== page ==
Boy A is a modern drama, entwined with a crime story and told with great humanity.
Adding bookmarks on the main plot points, using Everytime Desktop app, allowed me to understand its structure better. It now appears much simpler than it used to.
Jack meets several people on his way to get a new life. But the main ones in this story are the following:
That’s it. Only five characters are needed to get the main essence and each one has serves a very specific function.
Here is what the main scenes could be grouped into:
From the first shot, first sentence, we are presented with a mystery. “How do you feel?” “Feels like a dream.” We understand Eric/Jack has a dark past, but we don’t know the extend of it. We are more absorbed by the genuine excitation this young man has to start his life.
One key element I take from breaking down this structure is when we learn Jack was found guilty of murder. We only learn that half way through the movie.
Why so late? Certainly not for the sake of additional suspense. It was so we could get emotionally attached to Jack. Had we learned it at the very beginning, there was no way we could have any empathy through his struggle to get a normal life.
But until that key moment, we have seen him stress out about mundane things and struggle with basic life moments. He goes through each scene with a heavy and still unknown secret. This makes us appreciate the courage his character needs every day. And on top of that, flashbacks show us his younger life, where he was bullied and completely disregarded by his parents.
So when we finally learn about the nature of his crime, we cannot help but want him to be able to continue his life.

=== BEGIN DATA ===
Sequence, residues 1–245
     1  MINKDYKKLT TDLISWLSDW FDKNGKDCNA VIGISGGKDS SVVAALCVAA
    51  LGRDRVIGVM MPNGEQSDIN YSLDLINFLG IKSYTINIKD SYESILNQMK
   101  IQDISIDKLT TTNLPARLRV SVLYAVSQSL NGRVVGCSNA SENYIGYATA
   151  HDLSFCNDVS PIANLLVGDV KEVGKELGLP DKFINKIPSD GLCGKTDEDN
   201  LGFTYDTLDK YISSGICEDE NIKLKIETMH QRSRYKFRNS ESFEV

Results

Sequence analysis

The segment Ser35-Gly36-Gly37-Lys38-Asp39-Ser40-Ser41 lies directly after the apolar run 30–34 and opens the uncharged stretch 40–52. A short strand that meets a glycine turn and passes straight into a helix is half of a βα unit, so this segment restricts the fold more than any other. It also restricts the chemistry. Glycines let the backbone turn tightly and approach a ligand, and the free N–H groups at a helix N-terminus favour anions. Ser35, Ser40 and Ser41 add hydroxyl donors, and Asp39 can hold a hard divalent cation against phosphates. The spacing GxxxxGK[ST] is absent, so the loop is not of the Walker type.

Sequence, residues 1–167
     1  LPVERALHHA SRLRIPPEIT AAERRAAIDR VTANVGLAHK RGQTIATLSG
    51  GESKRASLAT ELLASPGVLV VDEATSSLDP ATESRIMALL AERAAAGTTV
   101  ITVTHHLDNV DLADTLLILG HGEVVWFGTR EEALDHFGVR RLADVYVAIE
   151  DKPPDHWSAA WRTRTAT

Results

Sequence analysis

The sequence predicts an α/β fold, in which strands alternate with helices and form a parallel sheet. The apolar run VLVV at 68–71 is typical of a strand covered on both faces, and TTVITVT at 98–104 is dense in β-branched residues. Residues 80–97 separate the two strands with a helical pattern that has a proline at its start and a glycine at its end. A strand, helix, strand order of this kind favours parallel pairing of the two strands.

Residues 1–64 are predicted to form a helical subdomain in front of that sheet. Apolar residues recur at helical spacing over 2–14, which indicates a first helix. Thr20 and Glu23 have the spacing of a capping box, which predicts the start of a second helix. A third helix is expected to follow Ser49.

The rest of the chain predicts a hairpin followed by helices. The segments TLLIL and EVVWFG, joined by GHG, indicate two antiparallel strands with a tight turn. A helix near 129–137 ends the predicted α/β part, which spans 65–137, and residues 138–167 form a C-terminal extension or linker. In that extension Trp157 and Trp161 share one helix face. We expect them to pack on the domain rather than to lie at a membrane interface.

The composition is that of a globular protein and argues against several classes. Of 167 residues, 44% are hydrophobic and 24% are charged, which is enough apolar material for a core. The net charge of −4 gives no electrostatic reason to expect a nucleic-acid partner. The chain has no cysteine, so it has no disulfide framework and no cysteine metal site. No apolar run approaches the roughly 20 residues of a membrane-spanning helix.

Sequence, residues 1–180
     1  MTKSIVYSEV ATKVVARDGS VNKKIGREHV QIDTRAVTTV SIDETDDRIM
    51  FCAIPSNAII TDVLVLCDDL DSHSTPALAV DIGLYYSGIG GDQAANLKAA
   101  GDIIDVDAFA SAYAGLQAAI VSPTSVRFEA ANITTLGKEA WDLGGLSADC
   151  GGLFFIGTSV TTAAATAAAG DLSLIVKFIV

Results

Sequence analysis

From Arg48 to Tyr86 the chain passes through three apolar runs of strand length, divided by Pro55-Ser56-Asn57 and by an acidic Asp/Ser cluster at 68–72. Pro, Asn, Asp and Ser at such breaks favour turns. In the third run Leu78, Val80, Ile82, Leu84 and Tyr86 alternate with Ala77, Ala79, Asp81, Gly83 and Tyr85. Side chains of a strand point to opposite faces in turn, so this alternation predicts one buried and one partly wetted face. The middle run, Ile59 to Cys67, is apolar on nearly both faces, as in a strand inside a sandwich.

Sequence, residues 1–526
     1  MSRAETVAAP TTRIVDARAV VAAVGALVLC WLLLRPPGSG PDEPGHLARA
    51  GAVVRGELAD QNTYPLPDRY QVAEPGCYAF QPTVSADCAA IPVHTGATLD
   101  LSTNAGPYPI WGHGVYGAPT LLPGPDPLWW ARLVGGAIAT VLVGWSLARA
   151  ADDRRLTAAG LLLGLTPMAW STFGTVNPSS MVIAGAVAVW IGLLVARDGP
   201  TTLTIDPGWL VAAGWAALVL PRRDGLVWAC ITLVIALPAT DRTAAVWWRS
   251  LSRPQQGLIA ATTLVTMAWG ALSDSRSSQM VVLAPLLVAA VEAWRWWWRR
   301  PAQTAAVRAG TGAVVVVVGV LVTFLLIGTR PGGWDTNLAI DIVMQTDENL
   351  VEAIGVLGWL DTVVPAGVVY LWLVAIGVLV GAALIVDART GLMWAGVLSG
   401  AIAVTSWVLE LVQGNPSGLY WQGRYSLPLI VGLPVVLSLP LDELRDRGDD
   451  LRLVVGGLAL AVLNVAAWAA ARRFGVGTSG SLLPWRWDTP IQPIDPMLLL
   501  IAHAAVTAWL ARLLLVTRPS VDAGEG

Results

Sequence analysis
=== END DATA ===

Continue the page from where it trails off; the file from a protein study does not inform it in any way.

What is also interesting is how low key this revelation is. It is maybe the most calm scene in the movie. Characters are not moving, only sitting and eating in this uncomfortable position. They are not speaking either, only watching television. I can perfectly imagine other movies where such a revelation would have happened with more drama.
Could we have learned about the murder later? Probably not, it would have been less efficient. Learning about it now tells us that even if we are happy for him to be able to find a normal life, his demons are going to come after him and they are growing. The timing here was just right.
We also get to see glimpses of both his childhood and the moments that led to the murder. We could have seen moments at different times of his life, but they are here very close to each others, so close I wonder if they all happened within the same day.
Eric is always very passive in each of those scene. He never shows hints of violence. His only mistake is to accept Philip’s friendship, who certainly did not immediately appear as an evil character.
The way the violence increases is also interesting.
Also, despite being surrounded by very evil character, this movie gives us reasons to understand them. We cannot forgive them, but we are given elements that prevent us from forgetting they are humans, also victims of the world around them.
Several choices made for this movie, regarding what we do or do not see, are very interesting.
We never see the trial defence. We only see the accusation lawyer, making a speech rich in rhetoric and the crowd full of hate. Was there a defence? Certainly not in Eric’s memories. No one appeared to understand the circumstances of the events, not even the parents.
The mob after him stays invisible. We never know who are the murdered girl’s relatives. Their faces are not show in the trial, they stay off screen. We are never shown people looking out for him when he is out of prison. We only see tv broadcasts or newspaper articles where the only face is his portrait. This is another clever choice, just like in Alien, as what we cannot see is what we fear the most. We cannot judge the extent of the forces who are looking out for him. We cannot have any idea if he has a chance to survive.